Well, here we are, living in yesterday’s future, the only place we can possibly be. With any luck, we’ll be here tomorrow, which is today’s future. It’s a pretty good system considering some of our yesterdays. Tomorrow is never a bad day, unless you’ve got an appointment for a root canal or something. For the most part, tomorrow is going to be your day, that magic tomorrow when the light shines on you and everything goes your way. When fortune smiles. It seldom works out that way, but we don’t know that, so we hope, we pray, we make our plans. And whatever happens, happens, and then there’s always tomorrow again.
In the Hudson River in New York City yesterday there were 155 people not thinking about any of this. They had all boarded a plane an hour earlier headed for Charlotte, North Carolina, 155 people for various reasons. For five of them the airplane was their work place, a pilot, a copilot and three flight attendants expecting a routine short flight, just another day at the office. So much for taking things for granted.
The plane happened to share its flight path with a flock of geese and sucked one or more of them into each of its two engines, shutting them down at 3,500 feet in the air. This is usually the point in these stories that is only discovered when authorities locate the little black box that is the flight recorder from the smoldering wreckage of an airplane in which all aboard have perished. Yesterday just wasn’t one of those days for those lucky 155 people.
The pilot calmly reported what happened to air traffic controllers and they instructed him to try to make it to Teeterborough airport in New Jersey if he possibly could. He couldn’t possibly. The plane’s engines were out and he was over densely populated New York City, a place with few desirable options for landing a broken jumbo jet. So the pilot, a man with the impressive name of Chesley B. “Sully” Sullenberger III and equally impressive piloting skills, decided that the best chance for his 150 passengers and the 8 million non-passengers directly below him was to try to land in the Hudson River.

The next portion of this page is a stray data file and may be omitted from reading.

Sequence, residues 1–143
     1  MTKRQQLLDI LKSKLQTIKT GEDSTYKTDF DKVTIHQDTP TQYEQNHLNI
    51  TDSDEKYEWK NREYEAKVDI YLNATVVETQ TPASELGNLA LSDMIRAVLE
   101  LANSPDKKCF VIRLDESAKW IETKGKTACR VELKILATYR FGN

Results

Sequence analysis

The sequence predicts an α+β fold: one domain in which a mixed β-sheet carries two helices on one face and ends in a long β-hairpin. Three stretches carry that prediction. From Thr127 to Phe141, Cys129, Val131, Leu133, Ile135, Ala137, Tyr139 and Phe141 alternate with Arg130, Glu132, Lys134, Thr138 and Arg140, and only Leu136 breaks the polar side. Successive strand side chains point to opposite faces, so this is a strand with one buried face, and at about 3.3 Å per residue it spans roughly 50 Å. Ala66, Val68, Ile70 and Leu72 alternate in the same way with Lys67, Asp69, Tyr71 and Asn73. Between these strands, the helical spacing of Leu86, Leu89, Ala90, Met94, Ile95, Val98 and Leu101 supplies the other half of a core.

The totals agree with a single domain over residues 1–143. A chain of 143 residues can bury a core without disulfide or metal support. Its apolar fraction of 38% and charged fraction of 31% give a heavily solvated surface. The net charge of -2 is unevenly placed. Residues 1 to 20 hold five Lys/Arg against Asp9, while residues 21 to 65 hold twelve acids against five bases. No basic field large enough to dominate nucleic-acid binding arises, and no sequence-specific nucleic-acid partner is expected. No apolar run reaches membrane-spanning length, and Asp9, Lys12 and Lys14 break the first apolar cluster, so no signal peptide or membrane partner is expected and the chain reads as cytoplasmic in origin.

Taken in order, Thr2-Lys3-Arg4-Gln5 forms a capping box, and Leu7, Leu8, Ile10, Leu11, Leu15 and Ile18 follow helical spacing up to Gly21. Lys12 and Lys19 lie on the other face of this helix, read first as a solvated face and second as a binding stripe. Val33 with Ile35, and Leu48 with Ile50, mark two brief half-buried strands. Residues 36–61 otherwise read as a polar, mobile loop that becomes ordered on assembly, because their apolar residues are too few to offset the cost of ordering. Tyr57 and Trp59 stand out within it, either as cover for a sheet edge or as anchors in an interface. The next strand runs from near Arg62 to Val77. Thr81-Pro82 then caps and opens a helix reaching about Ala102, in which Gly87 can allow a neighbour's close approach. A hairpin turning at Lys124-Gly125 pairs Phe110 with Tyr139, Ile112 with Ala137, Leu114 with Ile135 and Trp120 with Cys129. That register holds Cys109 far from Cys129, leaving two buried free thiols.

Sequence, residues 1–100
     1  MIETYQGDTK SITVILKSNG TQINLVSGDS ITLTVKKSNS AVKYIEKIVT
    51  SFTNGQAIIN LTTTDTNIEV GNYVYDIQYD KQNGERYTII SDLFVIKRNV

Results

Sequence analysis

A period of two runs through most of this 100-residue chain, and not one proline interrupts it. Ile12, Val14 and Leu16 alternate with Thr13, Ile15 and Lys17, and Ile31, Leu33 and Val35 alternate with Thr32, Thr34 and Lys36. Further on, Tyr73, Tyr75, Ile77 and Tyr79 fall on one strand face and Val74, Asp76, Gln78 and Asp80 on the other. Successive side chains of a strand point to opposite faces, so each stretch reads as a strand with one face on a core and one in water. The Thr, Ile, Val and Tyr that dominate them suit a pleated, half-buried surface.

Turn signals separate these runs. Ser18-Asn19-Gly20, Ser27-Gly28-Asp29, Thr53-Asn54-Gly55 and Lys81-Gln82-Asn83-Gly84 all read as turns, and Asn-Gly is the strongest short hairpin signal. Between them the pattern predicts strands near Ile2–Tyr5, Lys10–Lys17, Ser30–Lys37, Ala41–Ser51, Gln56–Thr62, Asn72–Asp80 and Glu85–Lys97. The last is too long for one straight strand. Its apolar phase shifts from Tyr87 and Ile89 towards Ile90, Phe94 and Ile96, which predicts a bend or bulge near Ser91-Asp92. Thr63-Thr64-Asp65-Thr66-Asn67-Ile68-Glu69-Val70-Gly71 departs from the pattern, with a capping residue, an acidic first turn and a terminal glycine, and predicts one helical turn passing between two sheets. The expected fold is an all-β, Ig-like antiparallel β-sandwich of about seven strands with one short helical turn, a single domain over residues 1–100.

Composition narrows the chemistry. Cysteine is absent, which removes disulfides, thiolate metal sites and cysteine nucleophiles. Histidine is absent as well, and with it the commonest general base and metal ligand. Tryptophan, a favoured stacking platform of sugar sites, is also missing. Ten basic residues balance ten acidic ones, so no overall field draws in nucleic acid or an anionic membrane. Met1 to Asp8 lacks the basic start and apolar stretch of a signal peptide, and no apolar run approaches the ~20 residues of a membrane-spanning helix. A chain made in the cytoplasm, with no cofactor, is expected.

That has happened from time to time in various places throughout aviation history, but never with the results pulled off by Mr. Sullenberger. He splashed the jet down lightly in the Hudson River just south of the George Washington Bridge, or as lightly as 50 tons of steel and highly flammable jet fuel can splash down. Well, he did it, with no serious injuries at all, an amazing feat, but now he had to deal with a huge jet not built to float slowly sinking into the icy waters of the Hudson on a very cold January day. Drowning and death from exposure were very real possibilities.
Enter the Magnificent New Yorkers. Fire and Police Department rescue boats swung into action and passenger ferries bee-lined to the stricken plane, quickly off-loading the passengers who were standing on the jet’s wings knee-deep in ice water. Thirty more who were in the drink were fished out before the 5 minute deadline for fatal hypothermia was reached. The Hudson is a busy river filled with all sorts of craft on any given day and all that were in the vicinity of the crash got very busy very quickly. There had been no time to organize any kind of coordinated rescue. No need, as it turned out. Ferries, tug boats and even helicopters joined the official response, swiftly transferring the passengers to scores of ambulances waiting onshore. Police divers plunged into the icy river to facilitate the transfer. The jumbo jet cooperated by floating for hours, eventually hitting land at the foot of Manhattan near Battery Park long after all aboard were safely evacuated.
So 155 people who very reasonably thought they had run out tomorrows now get another one. Who knows what their thought process is on this whole affair? While one can’t really guess that, it is safe to assume their minds are pretty busy right now and that not a single one of them will shrug this off and put it out of their mind. At the very least, they have to know they have one thing in common with 154 people that they did not have in common yesterday. They all walked away from the crash of a jumbo jet in New York City on a cold day that should have been their last day on Earth. But it wasn’t, and we are all witness to their shared miracle. This surely was that magic tomorrow for those 155 lucky souls, when the light shined upon them and fortune smiled. You just never know, do you?